As I have mentioned a time or two dozen before, we humans are really bad at being wrong. Generally we’d rather not listen to these stories. We want to poke holes in them, challenge every choice, argue in support of the status quo, vilify the story tellers, cover up and discredit them. But it’s not going to work for long. As the verse says, the enemy knows his time is short. The blood of the Lamb and our testimonies are more than powerful enough to defeat him. So long as people “do not love their lives unto death” and are willing to take hold of that power, the enemy’s days are quickly drawing to an end. It may be hard to see or imagine right now, seeing what a mess we are. But it’s happening right before our eyes.

4 thoughts on “In the End Times, We All Tell Our Story

  1. It’s like this… These people have been telling their stories for decades; and the stories haven’t changed; and the people deciding our housing policies haven’t changed either. Homed people have been trying to help for decades: Some have gotten burned because their ambitions for their helpees were unrealistic & irrelevant to what they themselves actually hoped for — or because the people they were helping were badly damaged by the experience of homelessness (akin to being drummed out of the human race) or by the disasters that led to them being in that position (although you could know, by counting noses and comparing to the number of actually-affordable places, that someone was going to be living on the streets!) — and people seriously trying to help have typically had to face threats of arrest, because people wanting “high property values” (aka “high prices for whatever property I own”) brought all the weight of law and influence to bear to keep the reality of homelessness out of sight.

    Homosexuals became socially acceptable, as Barbara Erhenreich pointed out, because homosexual couples had more money to spend than heterosexual couples with children (between low pay for women, the expenses of child-rearing, and the fact that they didn’t have the same needs for security & stable living arrangements.) If they hadn’t been able to buy a certain amount of political influence, this country would still be shunning them, and proud of it.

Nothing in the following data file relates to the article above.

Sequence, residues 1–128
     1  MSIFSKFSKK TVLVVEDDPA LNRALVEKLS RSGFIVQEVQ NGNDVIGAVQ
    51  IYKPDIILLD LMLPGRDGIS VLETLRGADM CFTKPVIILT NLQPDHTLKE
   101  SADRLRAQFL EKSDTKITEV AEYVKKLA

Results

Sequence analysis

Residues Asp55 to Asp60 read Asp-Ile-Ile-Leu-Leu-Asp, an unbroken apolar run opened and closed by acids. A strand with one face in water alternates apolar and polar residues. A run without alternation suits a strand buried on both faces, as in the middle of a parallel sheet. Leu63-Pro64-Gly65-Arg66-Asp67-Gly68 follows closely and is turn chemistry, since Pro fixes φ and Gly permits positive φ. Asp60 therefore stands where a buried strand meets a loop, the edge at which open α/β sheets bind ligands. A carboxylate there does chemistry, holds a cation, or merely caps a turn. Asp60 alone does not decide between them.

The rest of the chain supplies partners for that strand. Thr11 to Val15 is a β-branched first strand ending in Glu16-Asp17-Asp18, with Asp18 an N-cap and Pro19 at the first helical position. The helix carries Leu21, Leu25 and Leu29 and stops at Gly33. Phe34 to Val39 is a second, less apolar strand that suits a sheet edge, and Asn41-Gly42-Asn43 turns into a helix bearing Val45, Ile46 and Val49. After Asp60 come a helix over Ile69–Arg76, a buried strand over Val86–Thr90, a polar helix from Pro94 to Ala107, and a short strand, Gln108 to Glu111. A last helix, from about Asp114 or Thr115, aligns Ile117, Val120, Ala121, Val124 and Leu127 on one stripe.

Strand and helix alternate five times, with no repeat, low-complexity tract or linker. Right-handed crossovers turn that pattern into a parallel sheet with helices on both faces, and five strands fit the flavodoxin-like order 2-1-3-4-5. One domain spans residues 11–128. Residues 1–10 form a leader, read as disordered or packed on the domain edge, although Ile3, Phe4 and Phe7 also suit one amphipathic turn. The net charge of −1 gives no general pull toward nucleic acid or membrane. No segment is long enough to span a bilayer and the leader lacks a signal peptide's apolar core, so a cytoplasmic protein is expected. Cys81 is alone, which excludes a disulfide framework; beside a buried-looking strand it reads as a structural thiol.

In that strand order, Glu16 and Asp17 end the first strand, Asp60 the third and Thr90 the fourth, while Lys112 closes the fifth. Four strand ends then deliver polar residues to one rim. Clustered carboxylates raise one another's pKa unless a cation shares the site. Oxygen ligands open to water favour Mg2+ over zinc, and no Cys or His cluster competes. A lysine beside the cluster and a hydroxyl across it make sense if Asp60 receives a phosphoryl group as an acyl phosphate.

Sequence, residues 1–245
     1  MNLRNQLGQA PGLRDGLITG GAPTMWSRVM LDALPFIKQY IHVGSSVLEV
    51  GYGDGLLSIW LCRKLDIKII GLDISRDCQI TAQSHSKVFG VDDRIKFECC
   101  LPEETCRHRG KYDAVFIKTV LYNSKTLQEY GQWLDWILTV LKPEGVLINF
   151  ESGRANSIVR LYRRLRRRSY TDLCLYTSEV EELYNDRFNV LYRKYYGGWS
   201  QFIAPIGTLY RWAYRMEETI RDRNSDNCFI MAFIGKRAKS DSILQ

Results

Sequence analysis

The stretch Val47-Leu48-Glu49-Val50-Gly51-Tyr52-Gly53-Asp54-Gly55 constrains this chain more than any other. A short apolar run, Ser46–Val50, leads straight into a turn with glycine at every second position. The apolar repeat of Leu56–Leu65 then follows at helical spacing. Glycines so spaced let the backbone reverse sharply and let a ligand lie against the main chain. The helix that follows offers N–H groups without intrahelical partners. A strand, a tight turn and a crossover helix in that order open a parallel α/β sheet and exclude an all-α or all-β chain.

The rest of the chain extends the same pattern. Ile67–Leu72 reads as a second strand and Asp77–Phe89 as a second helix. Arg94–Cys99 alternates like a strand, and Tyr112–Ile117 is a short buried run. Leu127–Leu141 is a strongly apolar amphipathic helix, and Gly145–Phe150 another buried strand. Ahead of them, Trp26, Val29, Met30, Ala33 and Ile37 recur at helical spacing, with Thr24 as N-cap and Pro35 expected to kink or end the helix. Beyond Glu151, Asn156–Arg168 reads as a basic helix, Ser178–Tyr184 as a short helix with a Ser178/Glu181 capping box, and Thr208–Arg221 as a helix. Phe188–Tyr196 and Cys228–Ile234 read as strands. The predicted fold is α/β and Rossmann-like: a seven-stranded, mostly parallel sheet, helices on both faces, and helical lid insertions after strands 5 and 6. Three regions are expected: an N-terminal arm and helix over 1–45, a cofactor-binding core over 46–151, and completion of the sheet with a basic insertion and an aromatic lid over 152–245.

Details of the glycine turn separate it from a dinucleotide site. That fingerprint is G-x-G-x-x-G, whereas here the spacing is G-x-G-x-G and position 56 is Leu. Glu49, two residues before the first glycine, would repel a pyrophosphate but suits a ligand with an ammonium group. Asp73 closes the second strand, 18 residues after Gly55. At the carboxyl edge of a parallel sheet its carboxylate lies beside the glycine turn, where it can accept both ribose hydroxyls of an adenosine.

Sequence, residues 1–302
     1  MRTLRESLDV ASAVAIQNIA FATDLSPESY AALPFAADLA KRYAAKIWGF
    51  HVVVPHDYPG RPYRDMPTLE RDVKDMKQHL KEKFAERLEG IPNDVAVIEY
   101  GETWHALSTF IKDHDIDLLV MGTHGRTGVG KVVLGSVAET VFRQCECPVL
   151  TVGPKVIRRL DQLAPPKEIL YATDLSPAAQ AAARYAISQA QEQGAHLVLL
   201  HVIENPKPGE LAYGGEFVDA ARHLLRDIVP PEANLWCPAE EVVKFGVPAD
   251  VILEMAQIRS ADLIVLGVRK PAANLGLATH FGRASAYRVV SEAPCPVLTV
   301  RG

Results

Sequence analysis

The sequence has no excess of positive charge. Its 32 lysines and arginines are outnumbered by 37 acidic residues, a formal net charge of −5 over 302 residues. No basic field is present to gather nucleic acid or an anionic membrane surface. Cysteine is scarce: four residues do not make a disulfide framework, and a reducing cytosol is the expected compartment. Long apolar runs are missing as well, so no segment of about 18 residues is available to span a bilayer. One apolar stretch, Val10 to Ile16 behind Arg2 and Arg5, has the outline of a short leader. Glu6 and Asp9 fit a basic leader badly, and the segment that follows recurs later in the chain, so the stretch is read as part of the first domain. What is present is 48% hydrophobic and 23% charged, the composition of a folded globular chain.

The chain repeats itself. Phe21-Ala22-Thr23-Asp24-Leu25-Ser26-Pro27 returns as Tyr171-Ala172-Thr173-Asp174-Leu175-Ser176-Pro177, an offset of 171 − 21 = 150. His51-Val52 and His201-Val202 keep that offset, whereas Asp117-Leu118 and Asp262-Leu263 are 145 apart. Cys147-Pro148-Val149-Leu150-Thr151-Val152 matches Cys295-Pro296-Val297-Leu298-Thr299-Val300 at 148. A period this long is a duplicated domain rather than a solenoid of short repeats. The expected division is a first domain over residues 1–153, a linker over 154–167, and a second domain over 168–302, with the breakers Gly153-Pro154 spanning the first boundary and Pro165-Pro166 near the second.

Maybe, somewhere out of sight in our collective unconsciousness, there are real changes of attitude taking place, an increasing willingness to recognize our common humanity with despised and outcast persons. It must be out of sight, because I’m not seeing it.

    1. There’s a reason the bible places so much value on endurance. It’s not a 10 or 20 year project to bring about the level of change we need. We’ve been working up to this for a very long time. At least as long as we’ve been writing things down. A lot of things are culminating right now. It’s like labor. There are waves of intense contractions with pauses in between. The fact that the previous contractions didn’t result in the birth of a new thing doesn’t mean they failed, dear brother.

      1. One of the questions they asked at the synagogue: “Why does God keep hardening Pharaoh’s heart?” Yes, I think my answer is somewhat like yours; it isn’t about Pharaoh but it is about what Pharaoh provokes with his persistent wrongheadedness.

        “Me, I like having a nice fleshpot down the street. What, the desert? — You gotta be kidding!”